Her long list of awards includes the Palo Alto Civic League Citizen of the Year (1975); the Women's Transportation Seminar Woman of the Year (1989); the League of American Bicyclists Volunteer of the Year (1996); and the Bay Area Air Quality District Clean Air Champion Award (1997).
Fletcher's local legacy is expected to stretch for decades as the city embarks on a slew of other bicycle projects, including trails, a bike bridge over U.S. Highway 101 and new bicycle boulevards modeled after Bryant Street. In July, the city approved an ambitious new bike master plan that aims to make Palo Alto one of the nation's top bicycling destination. Even at 83 and suffering from cancer, Fletcher rode her bicycle to City Hall to attend public hearings on the plan and to advocate for bike improvements.
Former Mayor Peter Drekmeier called Fletcher a "hero" for her advocacy of bike issues. Drekmeier recalled attending meetings all over the Peninsula in recent years and seeing Fletcher there. No matter where the meetings took place, she got there by bike, he said. He also remembered an episode in which Fletcher received a ticket for running a stop sign while on her bike. She had no qualms about telling a local newspaper about the ticket, Drekmeier said. She thought it would send a good message — even elected officials need to follow the law.
"I grew up riding the Ellen Fletcher Bicycle Boulevard and I thought about her every time," Drekmeier said. "I really appreciate what she did for our community."
Though Fletcher owned a car, a 1964 Plymouth Valiant, she was famous for almost never using it. The site of her pedaling through the city streets has been a common one for decades. She continued the tradition even in her early 80s, while afflicted with lung cancer. A lifelong champion of bicycling, she told the Weekly that she hopes to demonstrate to people that just about everyone can do it.
"I'm 82 years old who had lung surgery," she said in July 2011. "You don't have to be a young athlete to ride a bike. Everyone can do it at any age."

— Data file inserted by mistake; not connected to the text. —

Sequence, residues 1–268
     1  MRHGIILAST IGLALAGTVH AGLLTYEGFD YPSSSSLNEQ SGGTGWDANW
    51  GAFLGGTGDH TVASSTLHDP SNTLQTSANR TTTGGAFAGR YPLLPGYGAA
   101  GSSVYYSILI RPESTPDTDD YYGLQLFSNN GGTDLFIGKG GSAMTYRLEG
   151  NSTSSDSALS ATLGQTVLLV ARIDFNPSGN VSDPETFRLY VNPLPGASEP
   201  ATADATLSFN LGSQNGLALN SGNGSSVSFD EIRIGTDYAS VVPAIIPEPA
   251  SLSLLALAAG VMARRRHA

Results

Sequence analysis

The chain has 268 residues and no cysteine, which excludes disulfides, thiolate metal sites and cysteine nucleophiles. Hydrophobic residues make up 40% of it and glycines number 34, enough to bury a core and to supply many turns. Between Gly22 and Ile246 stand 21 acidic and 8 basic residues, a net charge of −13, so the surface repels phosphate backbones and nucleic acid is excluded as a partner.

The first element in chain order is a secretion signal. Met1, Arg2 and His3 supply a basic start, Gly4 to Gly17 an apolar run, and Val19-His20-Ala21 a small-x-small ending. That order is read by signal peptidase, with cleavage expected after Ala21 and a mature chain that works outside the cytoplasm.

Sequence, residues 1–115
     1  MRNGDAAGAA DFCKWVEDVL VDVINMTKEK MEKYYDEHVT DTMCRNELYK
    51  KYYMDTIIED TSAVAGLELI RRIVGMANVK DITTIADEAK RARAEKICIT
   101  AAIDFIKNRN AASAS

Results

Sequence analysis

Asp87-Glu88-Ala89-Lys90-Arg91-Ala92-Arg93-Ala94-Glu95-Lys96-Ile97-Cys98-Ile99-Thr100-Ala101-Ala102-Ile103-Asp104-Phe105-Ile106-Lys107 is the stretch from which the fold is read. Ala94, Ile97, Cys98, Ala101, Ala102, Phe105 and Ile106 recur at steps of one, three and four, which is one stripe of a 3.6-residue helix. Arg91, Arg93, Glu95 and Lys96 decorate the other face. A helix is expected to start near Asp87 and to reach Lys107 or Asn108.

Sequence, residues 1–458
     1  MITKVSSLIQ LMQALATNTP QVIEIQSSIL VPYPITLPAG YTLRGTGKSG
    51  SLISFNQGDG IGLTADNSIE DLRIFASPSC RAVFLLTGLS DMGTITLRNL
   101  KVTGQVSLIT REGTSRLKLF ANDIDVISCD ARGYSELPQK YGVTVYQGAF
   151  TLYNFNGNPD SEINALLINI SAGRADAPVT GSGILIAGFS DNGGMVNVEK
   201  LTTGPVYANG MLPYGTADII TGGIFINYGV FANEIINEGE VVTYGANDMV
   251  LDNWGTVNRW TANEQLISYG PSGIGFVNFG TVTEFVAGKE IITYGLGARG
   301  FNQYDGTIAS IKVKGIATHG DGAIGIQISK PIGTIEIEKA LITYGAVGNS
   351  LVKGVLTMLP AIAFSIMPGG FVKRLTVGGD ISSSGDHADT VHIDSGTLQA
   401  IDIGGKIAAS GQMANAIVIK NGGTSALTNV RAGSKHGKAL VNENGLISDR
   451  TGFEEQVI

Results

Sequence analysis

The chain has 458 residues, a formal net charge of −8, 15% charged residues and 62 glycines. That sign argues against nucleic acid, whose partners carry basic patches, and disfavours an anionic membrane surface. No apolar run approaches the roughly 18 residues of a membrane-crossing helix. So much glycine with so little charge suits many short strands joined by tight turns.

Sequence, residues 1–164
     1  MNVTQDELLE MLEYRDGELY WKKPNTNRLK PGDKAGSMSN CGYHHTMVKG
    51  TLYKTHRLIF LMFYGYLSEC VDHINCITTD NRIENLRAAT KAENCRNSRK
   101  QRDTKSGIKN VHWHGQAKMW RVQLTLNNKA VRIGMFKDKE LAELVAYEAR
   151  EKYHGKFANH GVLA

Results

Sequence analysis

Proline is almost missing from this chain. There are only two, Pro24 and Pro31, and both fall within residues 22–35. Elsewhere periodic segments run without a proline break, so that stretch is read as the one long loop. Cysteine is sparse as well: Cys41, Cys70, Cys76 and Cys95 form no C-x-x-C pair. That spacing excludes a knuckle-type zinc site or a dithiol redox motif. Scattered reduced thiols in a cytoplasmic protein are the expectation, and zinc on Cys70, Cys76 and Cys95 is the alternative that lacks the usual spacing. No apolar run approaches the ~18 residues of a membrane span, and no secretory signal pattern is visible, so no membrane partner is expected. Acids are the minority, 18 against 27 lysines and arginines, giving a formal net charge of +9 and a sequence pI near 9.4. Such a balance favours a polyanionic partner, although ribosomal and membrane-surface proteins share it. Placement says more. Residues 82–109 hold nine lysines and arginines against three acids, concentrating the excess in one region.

Fletcher is survived by children Linda of Palo Alto, Terry of Berkeley and Jeff of Sacramento, and grandchildren Simon and Martin of Sacramento.
Her memorial will be held Sunday, Nov. 18, at 1:15 p.m. at the Albert and Janet Schultz Cultural Arts Hall in the Oshman Family Jewish Community Center, 3921 Fabian Way, Palo Alto.
Donations in Fletcher's memory can be made to the Silicon Valley Coalition, 1922 The Alameda, Ste. 420, San Jose, CA 95126, bikesiliconvalley.org.
John Clyde Loftis Jr.
John Clyde Loftis Jr., a longtime resident of Portola Valley and member of the Stanford English department from 1952 to 1981, died Oct. 31 in Palo Alto. He was 93.
A native of Atlanta, Ga., he graduated from Emory University in 1940 and served in the U.S. Navy as a communications officer on a troop transport vessel in the Pacific war zone during the World War II. After earning his doctorate at Princeton, he joined the English department at UCLA in the fall of 1948.
In 1952 he transferred to Stanford, where he taught until 1981, serving as chairman of the English department from 1973 to 1976. Working in the field of restoration comedy and later in comparative literature, he published several groundbreaking books including a study of the influence of Spanish writers of the "Golden Age" on their English contemporaries. His interest in Hispanic studies grew out of his experience as a visiting scholar in Peru in 1959. Scholarship remained a lifelong passion and he continued to pursue his literary interests well into his 80s.
He married Anne Nevins in 1946 and for most of their 66 years of marriage they lived in Portola Valley. He is survived by his wife; his three daughters, Mary Loftis Tuller, Laura Craven and Lucy Benaouda; and seven grandchildren. Services will be held Friday, Nov. 23, at 2 p.m. at the First Congregational Church of Palo Alto, 1985 Louis Road.